New Projections Show Increase in Uninsured Rates Over the Next 10 Years by Joe Furia

Debbie Johnston, Senior Vice President of Policy Development

Last week the Congressional Budget Office (CBO) and the Joint Committee on Taxation (JCT) released the annual baseline budget projections estimating insurance coverage, premiums, and the cost of federal subsidies over the next 10 years. Some of the key takeaways include:

  • Premiums for benchmark plans are expected to increase by about 15 percent from 2018 to 2019 and about 7 percent annually through 2028
  • Many of the agencies’ projected changes resulted from new assumptions regarding eliminating the individual mandate penalty and coverage gains since 2012. For example, 10 percent of the premium increase is attributable to the loss of the individual mandate penalty
  • Coverage is also expected to impact the penalty elimination. For 2027, CBO projects subsidized marketplace coverage to be 3 million lower than the agency’s September 2017 report, and the total uninsured population is expected to be 5 million higher
  • CBO included in the definition of “insurance coverage,” some enrollment in Association Health Plans and short-term plans - neither of which are required (under federal proposed rules) to include the consumer protections and essential health benefits mandated by the Affordable Care Act

End-Of-Life Conversations Don’t Happen as Regularly as They Should in Arizona by Joe Furia

Sandy Severson, Vice President of Care Improvement

In a recent survey by the Arizona Medical Association & Arizona Osteopathic Association physicians were asked about their views of end-of-life care. The results identified major findings and opportunities, including the following:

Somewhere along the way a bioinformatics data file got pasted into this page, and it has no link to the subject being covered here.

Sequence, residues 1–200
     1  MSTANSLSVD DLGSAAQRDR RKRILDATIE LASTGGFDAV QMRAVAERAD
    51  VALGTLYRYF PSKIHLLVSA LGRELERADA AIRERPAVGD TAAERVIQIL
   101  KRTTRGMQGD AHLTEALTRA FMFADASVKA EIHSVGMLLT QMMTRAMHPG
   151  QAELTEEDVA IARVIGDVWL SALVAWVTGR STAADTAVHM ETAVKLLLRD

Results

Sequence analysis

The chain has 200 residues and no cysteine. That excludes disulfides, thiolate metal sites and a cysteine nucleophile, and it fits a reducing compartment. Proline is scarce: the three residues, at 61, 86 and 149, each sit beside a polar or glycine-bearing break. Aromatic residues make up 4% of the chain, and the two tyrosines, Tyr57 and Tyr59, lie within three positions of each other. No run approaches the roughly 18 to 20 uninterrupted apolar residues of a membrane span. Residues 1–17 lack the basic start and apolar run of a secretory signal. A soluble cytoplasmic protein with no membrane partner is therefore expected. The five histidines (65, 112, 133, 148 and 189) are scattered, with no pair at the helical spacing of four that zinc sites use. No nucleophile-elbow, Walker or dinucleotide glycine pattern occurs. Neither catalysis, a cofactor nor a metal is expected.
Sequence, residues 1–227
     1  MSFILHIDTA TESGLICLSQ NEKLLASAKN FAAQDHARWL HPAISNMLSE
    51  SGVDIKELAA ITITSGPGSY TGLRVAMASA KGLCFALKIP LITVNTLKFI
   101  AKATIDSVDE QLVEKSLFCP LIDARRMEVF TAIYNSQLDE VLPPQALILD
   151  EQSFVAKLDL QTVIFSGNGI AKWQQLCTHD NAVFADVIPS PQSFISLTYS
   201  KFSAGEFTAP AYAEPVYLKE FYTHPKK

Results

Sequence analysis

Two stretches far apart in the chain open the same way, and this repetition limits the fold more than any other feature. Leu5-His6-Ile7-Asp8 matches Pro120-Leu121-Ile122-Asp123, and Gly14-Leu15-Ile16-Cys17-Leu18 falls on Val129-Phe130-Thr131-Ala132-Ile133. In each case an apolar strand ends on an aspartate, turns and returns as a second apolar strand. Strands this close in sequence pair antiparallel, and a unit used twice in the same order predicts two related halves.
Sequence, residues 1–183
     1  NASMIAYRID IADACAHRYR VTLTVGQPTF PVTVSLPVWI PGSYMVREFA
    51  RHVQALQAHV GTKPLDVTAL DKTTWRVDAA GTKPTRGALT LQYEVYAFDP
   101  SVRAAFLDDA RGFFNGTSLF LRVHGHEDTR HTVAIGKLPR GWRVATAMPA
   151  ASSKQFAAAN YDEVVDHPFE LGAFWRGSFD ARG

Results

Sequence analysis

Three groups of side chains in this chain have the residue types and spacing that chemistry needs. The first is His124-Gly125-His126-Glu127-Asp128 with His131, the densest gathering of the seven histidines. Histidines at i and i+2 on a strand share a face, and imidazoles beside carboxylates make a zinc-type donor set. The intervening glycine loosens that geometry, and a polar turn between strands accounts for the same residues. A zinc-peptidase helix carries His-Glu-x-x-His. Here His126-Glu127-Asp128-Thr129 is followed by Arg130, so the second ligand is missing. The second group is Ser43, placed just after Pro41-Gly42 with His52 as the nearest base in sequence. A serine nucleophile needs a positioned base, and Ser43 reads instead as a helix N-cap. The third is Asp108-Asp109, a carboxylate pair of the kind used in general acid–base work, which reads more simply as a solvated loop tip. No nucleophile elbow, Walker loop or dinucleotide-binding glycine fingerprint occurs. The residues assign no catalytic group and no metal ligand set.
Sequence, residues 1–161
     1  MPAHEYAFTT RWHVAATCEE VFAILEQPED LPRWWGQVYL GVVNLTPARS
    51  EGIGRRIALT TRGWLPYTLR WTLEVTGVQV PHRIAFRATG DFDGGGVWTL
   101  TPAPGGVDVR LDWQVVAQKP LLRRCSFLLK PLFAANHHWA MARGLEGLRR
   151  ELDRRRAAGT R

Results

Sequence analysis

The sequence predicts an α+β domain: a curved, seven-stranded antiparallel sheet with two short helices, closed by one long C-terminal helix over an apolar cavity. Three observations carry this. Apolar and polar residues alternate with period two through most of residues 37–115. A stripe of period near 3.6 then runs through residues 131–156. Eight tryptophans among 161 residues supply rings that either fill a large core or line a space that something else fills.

• Counseling patients regarding end-of-life options occurs only 50 percent of the time when end-of-life was near
  • Counseling patients regarding end-of-life options occurs only 37 percent of the time routinely in older patients
  • Surveyed physician’s also felt that “good deaths” are not frequent and that a major barrier is lack of end-of-life training

AzHHA’s Thoughtful Life Conversation initiative is partnering with the organizations who led this survey to offer physician and healthcare team training on Communication in Serious Illness to improve and encourage physicians to have the end-of-life conversations with their patients. For more information on the Communications in Serious Illnesses training, dates and locations of current trainings click here.  To arrange to have a training held in your community or for your staff, contact Karen Beckford.

Mental Health and First Responders by Joe Furia

Debbie Johnston, Senior Vice President of Policy Development

When a traumatic situation arises first responders are the first to arrive at the scene of events involving injuries and loss of life. They are expected to provide an effective and efficient response to help the community recover. But who can first responders rely on to ensure that they can recover too? The situations first responders are generally faced with are inherently difficult and stressful. These chronic stressful situations often lead to post-traumatic stress, acute and cumulative stress, depression, anxiety, and suicide. The good news is that there are resources. The Arizona Department of Health Services has webpage with resources and tools for first responders.

Point of Pride: Yavapai Regional Medical Center by Joe Furia

Yavapai Regional Medical Center (YRMC) Physician Care Family Medicine is expanding! This summer YRMC Physician Care Family Medicine will be relocating to improve access to care for its community. Along with a renovated facility YRMC will be bringing in three more physicians by the end of the year. This new facility will deliver primary care medicine through a team of healthcare professionals including physicians, advanced clinical practitioners and a number of other highly trained professionals ready to care for the people, patients and local community.